Collection of data regarding management routines, biosecurity and environmental factors were performed in on-farm interviews with the workers on the farm.
The piglets died in three rounds with the highest mortality rates during the first three days (Figure 2).
The most consistent gross pathological findings were serous, protein rich fluids in the peritoneal cavity and in the pericardium, fine threads of fibrin covering the abdominal organs, anaemia and swollen livers and spleens, while the histopathological findings were congestion and oedema in many organs, and an increased haemopoietic activity in the livers and spleens. Six and three formalin-fixed lung tissue samples were immunohistochemistry negative for influenza A virus nucleoprotein and porcine circovirus type 2 (PCV2), respectively.
The bacteriologic examination found G. parasuis in 12 out of 14 samples originating from the frozen specimens collected at day 3. G. parasuis was also isolated in 11 out of 12 of the fresh livers and spleens sampled on day 20. Streptococcus sp was isolated in 2 samples and Strept suis serotype 8 and Strept suis in one each, of the frozen samples. In the fresh livers and spleens there were also found Aerococcus sp in 7 out of 12 samples. Two of the G. parasuis isolates from fresh livers and spleens were typed as serotype 9 based on indirect hemagglutination test (IHA) performed at the Innovative Veterinary Diagnostic laboratory (IVD GmgH, Hannover, Germany).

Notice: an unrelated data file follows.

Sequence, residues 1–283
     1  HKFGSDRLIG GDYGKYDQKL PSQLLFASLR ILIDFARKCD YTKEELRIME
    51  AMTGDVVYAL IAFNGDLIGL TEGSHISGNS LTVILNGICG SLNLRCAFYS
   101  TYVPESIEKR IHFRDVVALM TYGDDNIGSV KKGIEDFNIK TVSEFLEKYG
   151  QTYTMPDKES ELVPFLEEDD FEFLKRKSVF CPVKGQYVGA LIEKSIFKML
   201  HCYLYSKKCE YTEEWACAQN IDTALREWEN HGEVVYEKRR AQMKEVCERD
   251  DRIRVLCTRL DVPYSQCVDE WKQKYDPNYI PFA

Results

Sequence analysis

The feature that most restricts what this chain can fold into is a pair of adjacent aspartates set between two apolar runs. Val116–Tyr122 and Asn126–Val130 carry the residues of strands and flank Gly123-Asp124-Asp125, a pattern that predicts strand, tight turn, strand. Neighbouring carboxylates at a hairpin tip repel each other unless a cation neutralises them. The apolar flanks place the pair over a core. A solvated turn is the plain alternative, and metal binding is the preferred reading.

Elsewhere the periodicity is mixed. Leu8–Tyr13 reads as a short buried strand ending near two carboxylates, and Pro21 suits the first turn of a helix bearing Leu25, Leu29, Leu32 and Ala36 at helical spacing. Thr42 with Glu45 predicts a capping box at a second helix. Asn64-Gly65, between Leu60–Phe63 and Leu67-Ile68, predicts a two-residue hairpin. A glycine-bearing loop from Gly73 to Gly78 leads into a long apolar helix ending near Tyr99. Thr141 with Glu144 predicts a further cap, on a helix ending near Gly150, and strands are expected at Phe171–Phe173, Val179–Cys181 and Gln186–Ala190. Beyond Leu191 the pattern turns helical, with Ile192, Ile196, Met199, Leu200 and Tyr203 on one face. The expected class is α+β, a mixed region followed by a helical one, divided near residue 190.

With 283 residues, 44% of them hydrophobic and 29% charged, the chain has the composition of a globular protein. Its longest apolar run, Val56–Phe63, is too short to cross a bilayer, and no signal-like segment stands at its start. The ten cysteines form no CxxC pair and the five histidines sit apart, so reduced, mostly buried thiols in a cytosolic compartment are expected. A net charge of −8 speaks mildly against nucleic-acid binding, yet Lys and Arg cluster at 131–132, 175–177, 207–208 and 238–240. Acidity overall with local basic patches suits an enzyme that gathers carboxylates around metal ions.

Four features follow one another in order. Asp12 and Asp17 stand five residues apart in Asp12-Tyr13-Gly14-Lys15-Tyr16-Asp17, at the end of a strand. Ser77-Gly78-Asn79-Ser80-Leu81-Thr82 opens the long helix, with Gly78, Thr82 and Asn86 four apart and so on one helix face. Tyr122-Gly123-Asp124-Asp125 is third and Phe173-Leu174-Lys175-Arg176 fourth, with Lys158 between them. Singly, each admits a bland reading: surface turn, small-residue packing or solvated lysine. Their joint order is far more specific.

Low blood cell counts, and a low haemoglobin was found in the blood collected on day 4, confirming anaemia.
The interviews revealed that iron paste given to the piglets within the first 24 hours after farrowing was the only routine iron supplementation for piglets on the farm. The automatic regulation of the ventilation system of the farrowing room didn’t work and was handled manually. There were no routines for washing and disinfection between farrowing batches.